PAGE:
Friday, May 17, 2013

Debt Free Marriage

This picture was taken exactly 10 years ago, almost to the minute. We were young. Blissful. Naive.

Ours was a whirlwind courtship. We got engaged after six weeks of dating. We were married eight months later. We were basically complete strangers just sure we were in love. I can't even remember what made us think that it was a good idea to get married so quickly. We laugh now thinking about how little we actually knew about each other.

During our engagement we both made the commitment to try and live debt free. We both entered the marriage with debt: student loans, vehicles, credit cards...typical consumer debt. We wanted to set our marriage out on the right foot so on our honeymoon we agreed only to spend the cash we had saved and what we had received as a wedding gift, which meant midway through our honeymoon we were eating "Bowl Appetites" made in our hotel microwave and watching really lame movies on cable TV. It wasn't "fun", but it started us off on the right foot by keeping our commitment to living debt free.

It took us several years to reach the point of debt freedom. While we have never been without, we also made sacrifices. We spent one anniversary eating tuna melts at home because we didn't have "extra" money that month. In general, we have not bought expensive gifts for each other for birthdays, Christmas, or our anniversary. The process of us moving in the same direction as a couple has been worth more to our marriage than an expensive meal out or a consumer gift that is soon forgotten.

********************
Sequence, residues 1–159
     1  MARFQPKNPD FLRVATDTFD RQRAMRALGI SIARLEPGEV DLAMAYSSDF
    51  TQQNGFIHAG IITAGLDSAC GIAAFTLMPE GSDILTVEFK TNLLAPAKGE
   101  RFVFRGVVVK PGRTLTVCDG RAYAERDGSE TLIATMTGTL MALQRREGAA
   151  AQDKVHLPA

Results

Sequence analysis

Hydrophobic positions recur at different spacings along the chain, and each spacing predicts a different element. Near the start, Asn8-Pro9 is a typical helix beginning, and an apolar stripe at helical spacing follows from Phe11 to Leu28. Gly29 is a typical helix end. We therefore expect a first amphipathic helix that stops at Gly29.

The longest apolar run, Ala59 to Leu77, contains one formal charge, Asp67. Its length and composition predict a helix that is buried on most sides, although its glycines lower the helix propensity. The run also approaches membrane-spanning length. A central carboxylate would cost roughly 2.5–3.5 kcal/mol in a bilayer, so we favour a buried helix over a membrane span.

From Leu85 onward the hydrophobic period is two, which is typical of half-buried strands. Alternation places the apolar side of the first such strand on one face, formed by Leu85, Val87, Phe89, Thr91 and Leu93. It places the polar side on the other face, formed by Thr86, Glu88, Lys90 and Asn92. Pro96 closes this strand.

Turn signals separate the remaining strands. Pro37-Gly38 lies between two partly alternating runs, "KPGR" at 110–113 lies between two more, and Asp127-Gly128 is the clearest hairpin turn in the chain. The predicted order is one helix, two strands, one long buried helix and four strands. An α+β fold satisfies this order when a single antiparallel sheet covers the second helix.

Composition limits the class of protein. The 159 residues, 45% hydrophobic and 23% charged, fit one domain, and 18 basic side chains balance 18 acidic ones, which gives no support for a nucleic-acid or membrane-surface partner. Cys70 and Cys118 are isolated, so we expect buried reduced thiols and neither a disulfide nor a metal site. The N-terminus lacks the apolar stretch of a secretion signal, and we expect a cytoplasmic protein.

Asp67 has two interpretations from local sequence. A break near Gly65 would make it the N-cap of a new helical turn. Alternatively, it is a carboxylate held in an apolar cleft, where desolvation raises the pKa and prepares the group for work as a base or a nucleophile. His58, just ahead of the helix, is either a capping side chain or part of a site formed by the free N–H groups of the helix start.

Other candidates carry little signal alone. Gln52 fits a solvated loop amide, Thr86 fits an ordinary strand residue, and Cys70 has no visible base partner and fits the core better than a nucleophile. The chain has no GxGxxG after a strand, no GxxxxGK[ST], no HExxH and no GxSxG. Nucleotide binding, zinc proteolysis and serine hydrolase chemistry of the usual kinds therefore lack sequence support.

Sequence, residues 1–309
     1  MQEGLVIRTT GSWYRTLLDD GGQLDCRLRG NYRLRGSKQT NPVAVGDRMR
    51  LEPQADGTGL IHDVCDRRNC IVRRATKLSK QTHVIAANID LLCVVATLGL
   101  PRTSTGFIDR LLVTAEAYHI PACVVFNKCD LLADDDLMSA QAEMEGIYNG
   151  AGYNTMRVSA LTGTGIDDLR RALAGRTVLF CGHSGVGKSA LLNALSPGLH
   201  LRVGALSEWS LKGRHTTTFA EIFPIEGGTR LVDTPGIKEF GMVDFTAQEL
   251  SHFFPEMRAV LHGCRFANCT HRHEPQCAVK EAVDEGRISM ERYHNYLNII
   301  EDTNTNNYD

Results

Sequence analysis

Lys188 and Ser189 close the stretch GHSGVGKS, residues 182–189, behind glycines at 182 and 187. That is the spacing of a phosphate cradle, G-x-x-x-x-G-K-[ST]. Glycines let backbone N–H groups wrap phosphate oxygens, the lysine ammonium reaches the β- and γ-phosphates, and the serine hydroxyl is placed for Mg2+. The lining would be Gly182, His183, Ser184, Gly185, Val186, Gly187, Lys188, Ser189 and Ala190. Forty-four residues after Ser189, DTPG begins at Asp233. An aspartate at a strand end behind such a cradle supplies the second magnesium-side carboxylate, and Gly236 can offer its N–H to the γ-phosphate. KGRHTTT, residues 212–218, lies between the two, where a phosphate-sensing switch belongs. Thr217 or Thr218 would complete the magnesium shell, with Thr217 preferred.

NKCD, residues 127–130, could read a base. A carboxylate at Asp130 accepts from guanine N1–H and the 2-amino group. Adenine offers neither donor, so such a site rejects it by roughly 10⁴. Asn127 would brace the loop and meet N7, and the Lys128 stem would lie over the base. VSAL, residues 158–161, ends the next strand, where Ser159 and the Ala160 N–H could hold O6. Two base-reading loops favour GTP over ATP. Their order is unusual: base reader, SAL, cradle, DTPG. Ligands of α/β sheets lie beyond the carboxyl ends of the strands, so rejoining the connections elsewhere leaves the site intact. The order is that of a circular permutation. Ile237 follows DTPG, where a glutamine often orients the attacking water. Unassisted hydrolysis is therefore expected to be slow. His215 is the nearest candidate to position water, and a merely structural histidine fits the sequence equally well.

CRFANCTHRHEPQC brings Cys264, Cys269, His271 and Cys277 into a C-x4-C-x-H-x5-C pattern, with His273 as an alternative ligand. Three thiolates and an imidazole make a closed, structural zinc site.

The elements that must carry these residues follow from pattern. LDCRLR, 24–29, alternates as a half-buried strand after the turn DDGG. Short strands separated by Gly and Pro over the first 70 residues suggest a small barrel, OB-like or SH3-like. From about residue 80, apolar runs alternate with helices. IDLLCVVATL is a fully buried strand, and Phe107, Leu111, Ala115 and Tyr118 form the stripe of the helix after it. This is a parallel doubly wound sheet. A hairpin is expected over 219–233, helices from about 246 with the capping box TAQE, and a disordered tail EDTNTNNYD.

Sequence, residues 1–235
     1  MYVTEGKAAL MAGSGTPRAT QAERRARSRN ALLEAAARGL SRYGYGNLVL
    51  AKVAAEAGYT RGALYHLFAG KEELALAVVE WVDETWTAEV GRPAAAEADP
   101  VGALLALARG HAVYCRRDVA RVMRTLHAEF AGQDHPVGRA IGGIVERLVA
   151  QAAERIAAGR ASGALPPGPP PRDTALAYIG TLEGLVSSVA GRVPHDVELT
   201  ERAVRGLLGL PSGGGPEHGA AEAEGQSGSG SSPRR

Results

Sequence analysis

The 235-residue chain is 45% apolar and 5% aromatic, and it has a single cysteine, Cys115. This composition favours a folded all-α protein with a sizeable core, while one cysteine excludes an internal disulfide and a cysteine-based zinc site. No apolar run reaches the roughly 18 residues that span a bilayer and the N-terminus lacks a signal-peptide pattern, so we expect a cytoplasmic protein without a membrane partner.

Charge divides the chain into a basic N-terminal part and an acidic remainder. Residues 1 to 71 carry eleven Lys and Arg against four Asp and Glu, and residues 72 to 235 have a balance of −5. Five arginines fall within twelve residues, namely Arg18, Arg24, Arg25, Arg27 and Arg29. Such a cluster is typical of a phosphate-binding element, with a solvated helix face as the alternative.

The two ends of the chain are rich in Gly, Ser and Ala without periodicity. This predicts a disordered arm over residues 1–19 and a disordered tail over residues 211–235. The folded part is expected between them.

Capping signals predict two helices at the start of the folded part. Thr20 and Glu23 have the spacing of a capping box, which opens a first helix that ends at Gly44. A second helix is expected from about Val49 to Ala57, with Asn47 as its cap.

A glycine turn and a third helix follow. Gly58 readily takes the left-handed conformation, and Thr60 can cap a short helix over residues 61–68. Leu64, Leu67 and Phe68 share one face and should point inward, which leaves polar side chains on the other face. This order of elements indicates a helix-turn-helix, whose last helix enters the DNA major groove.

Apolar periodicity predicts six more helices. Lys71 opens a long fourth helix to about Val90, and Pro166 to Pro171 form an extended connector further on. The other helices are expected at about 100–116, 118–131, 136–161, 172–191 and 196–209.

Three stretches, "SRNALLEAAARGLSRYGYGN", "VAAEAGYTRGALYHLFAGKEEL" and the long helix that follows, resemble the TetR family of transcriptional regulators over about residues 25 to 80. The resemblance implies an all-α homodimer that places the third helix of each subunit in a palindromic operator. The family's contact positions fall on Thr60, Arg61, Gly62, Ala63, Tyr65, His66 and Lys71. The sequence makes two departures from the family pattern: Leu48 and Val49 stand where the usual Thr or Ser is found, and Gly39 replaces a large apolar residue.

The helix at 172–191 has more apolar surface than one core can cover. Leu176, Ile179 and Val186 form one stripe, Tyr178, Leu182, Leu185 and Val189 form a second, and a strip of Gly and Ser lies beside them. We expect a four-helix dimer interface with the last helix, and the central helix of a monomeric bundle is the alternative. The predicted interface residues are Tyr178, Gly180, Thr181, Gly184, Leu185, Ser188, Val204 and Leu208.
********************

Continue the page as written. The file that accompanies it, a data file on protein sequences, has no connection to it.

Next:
Having a shared focus in our finances has helped make us stronger as a couple. Now that we are debt free, we are starting to be a little more open to spending money on some "fun" things to celebrate our marriage. But it also means that for now we are still driving our 11 year old van until we can save up enough to pay cash for a newer one. It means that we still make a budget every month. It means we keep a common commitment to stay debt free.

The concept of living debt free carries over into our relationships. I did not want 1 Corinthians 13 read at our wedding. I didn't want to be held accountable for "love keeping no record of wrongs" (surely that's not the correct's in my nature to keep a record of wrongs). My husband is a natural "forgiver." I swear he forgets my faulty actions before I can even say "I'm sorry." I'm much different. It's in my nature to want to hold on to every little hurt, hoarding them for future ammunition. Yet just like it's not easy or necessarily fun to live debt free, it is certainly worth the peace. The peace that forgiveness brings is worth more than gold, silver, or even a new minivan.

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